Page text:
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IoT has the power to re-energise high street retail

May 3, 2019

IoT data analytics Retail

Today’s consumers expect personalised services and products that suit their individual situations and needs. They are also starting to expect meaningful and contextual interactions through their preferred digital channels and devices. For retailers with brick and mortar stores, this means grabbing hold of the opportunities that will drive better engagement, create new sales points and build brand loyalty.

The advance of the Internet of Things (IoT) in the retail industry is helping to make this possible by connecting people, things and processes and creating actionable insights that allow retailers to not only respond to customer feedback and behaviour, but to know how to shape the customer experience in response.

Winning customers back to the high street

The high street market is challenging. According to research, town centres in England and Wales have lost 8% of their shops on average in the last five years. The retail sector to be hit the hardest is clothing with more than 750 shops lost.

However, research shows that consumers are still buying, and in many cases, consumer spending is on the rise. The problem is that the majority of shoppers find it much easier to buy what they want online rather than heading to their local store or a shopping outlet. This is the behaviour that retailers now have the power to change with IoT. By giving customers a better in-store experience when they walk through the door, they can convince them to visit more, purchase more and give brand loyalty a much-needed and very welcome boost.

The art and science of in-store tracking

Retailers need to find ways to learn about their customers and evolve the in-store experience. This means taking a scientific approach by applying technology that reveals customer pain points, low inventory, gaps in service, overstocking, missed sales opportunities, ineffective merchandising and more.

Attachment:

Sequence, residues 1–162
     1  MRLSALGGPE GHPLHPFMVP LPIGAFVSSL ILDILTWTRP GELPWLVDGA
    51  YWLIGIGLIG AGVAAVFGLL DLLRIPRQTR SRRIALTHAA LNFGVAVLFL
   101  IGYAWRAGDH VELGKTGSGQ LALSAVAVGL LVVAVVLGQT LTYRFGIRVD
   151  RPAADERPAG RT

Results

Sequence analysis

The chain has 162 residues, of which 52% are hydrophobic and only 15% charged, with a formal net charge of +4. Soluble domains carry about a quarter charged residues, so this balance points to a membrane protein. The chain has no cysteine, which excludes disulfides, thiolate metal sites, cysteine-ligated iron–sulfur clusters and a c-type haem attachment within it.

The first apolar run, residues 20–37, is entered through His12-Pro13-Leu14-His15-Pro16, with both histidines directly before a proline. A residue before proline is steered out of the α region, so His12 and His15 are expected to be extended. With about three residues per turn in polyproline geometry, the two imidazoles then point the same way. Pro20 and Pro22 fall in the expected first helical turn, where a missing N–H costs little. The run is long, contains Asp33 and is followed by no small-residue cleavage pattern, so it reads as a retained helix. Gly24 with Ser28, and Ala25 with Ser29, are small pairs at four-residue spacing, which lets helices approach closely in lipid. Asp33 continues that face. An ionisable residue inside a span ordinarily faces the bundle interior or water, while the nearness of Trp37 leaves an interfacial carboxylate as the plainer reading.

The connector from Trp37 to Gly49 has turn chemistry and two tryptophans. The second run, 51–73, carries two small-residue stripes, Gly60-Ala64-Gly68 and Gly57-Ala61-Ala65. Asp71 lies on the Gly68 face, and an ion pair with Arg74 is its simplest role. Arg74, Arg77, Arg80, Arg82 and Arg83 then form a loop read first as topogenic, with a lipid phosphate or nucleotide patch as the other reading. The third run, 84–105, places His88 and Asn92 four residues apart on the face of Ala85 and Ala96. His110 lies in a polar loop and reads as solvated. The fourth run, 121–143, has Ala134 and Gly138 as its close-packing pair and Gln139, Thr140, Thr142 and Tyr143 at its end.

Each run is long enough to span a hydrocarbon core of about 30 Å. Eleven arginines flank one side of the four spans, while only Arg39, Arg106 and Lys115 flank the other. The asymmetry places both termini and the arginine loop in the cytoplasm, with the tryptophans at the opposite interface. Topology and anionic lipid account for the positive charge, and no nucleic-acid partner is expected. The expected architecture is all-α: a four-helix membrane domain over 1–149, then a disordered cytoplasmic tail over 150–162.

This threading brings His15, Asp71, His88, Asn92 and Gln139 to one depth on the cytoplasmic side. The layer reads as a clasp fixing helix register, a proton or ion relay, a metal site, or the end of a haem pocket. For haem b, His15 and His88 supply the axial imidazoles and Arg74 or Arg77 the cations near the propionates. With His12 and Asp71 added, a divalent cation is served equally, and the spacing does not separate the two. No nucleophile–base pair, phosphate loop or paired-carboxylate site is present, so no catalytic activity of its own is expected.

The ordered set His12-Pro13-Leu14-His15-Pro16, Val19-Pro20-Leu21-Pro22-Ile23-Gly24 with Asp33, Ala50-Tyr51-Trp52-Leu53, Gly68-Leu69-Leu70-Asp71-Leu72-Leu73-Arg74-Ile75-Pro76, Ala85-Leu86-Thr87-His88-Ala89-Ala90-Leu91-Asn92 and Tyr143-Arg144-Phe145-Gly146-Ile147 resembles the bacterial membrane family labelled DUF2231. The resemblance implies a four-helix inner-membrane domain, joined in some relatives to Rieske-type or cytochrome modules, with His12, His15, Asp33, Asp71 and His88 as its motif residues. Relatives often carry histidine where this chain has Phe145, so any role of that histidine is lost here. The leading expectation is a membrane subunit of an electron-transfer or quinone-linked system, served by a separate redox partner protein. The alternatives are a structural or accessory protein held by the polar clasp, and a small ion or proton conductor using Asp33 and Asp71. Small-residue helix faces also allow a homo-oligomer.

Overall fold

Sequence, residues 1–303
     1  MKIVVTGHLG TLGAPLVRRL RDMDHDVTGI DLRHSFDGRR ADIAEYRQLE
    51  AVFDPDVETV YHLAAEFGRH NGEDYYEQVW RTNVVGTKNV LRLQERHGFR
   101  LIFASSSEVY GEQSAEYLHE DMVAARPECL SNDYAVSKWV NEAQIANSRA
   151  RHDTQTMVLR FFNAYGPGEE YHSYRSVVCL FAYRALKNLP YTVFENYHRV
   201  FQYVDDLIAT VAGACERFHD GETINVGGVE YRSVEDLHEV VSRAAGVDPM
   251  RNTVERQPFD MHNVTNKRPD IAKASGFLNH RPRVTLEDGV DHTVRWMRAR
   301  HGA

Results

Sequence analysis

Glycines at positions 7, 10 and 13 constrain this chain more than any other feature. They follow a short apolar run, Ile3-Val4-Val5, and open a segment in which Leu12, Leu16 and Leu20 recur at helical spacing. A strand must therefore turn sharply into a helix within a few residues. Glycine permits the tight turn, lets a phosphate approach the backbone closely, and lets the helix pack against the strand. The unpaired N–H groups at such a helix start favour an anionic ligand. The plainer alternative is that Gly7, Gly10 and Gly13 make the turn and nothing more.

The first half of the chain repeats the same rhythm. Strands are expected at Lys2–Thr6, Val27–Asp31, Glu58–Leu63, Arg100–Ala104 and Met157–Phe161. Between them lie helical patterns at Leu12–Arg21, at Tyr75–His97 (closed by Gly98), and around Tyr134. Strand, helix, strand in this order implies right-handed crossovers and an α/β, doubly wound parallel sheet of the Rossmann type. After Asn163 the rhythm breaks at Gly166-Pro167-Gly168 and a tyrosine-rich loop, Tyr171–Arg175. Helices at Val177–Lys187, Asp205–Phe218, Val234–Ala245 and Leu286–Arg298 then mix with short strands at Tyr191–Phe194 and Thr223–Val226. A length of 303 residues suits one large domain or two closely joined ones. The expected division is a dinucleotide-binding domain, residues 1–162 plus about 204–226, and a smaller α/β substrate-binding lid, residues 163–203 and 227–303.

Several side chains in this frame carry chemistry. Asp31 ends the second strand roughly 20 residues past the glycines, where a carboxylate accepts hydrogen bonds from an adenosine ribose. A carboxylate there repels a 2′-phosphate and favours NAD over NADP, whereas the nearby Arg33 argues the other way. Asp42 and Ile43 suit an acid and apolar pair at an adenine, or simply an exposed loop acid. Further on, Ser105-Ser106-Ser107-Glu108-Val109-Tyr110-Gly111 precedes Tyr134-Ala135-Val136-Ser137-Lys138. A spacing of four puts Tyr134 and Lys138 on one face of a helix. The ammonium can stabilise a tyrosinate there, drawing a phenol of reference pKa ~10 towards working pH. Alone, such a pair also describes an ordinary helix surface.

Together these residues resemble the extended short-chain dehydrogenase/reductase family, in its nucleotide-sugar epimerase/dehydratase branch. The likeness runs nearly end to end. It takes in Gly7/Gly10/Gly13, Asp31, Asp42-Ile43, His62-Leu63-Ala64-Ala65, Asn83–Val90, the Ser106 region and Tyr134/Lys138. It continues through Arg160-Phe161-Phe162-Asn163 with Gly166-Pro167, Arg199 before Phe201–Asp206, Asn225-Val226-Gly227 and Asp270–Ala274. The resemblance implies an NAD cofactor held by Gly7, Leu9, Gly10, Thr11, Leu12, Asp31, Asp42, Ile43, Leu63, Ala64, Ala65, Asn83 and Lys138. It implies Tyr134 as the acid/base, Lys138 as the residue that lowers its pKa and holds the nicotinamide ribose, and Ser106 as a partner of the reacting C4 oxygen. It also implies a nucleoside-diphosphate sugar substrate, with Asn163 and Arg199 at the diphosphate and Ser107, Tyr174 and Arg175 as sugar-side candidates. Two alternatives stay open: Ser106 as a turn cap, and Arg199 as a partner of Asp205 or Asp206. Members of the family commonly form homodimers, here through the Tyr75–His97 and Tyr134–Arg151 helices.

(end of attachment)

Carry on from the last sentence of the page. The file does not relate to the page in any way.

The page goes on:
Much of the data captured from customers during an in-store visit is similar to what can be captured online, but it must be done so anonymously. While today’s tech-savvy shopper is willing to carry out many of their daily activities online, most don’t like feeling watched or knowing that behavioural data is being collected.

When virtual and physical realms collide

Using IoT devices in-store, retailers can connect with consumers and personalise the shopping experience as they move around the store. From proactively alerting a customer that a product they have bought before is on offer to using proximity marketing to send targeted marketing to screens around the store as the shopper passes by, IoT can create a seamless and meaningful experience that saves customers time and money and which builds trust and brand loyalty in the process.

Connecting with customers in this way can help retailers to determine how and where products should be displayed, and which stores should carry more or less of these products. Do customers stay longer in one area than others? Do they turn left or right when entering the store? Do they leave the store within seconds? Are they choosing more of the products that you have at the back or front of the store? This is data that retailers have never had the chance to collect before and the results can help to turn consumer awareness and sales around.

Lighting the way with beacons

Beacons are small devices powered by Bluetooth Low Energy (BLE) that can be used to transmit information to other BLE-enabled devices, such as mobile phones. To understand how beacon technology works, let’s look at one of the oldest beacons still in use today: the lighthouse. Just as a lighthouse marks hazards using beams of light, beacons are physical landmarks that beam signals to a customer’s mobile phone.

These signals improve how consumers connect and react to their surroundings and allow them to get things done using their phone such as checking which items are in stock or locating an item they have seen online in the store. They can also be used for proximity marketing campaigns, delivering special offers and product information when shoppers pass by or through the store.

Understanding customer behaviour with heatmaps

For retailers wanting more footfall and sales activity in their store, shopper flow is possibly the most important insight to have access to. Knowing how your customers move about your store can help you to meticulously showcase what you understand to be your best product or product mix and to keep up with customer behaviour and trends as they change. This not only helps to create successful products but also improves internal efficiencies.

The application of heatmap analytics is revolutionising how retailers plan store layout and product placement. This software-based solution works alongside the CCTV technology already present in most stores and quite simply records the “hot” and “cold” movements of consumers around the store. Every retailer would like a crystal ball that shows them exactly how to manage merchandising more effectively. Hot and cold zones do just that, allowing retailers to switch up their product displays based on the results.

Bringing the online shopping experience in-store

With the continued growth of online shopping, retailers should now be looking to replicate the frictionless online shopping experience into the store in whichever way they can. With IoT solutions designed to track and analyse consumer behaviour, retailers can craft an in-store shopping experience that is based on needs, expectations and trends.

 

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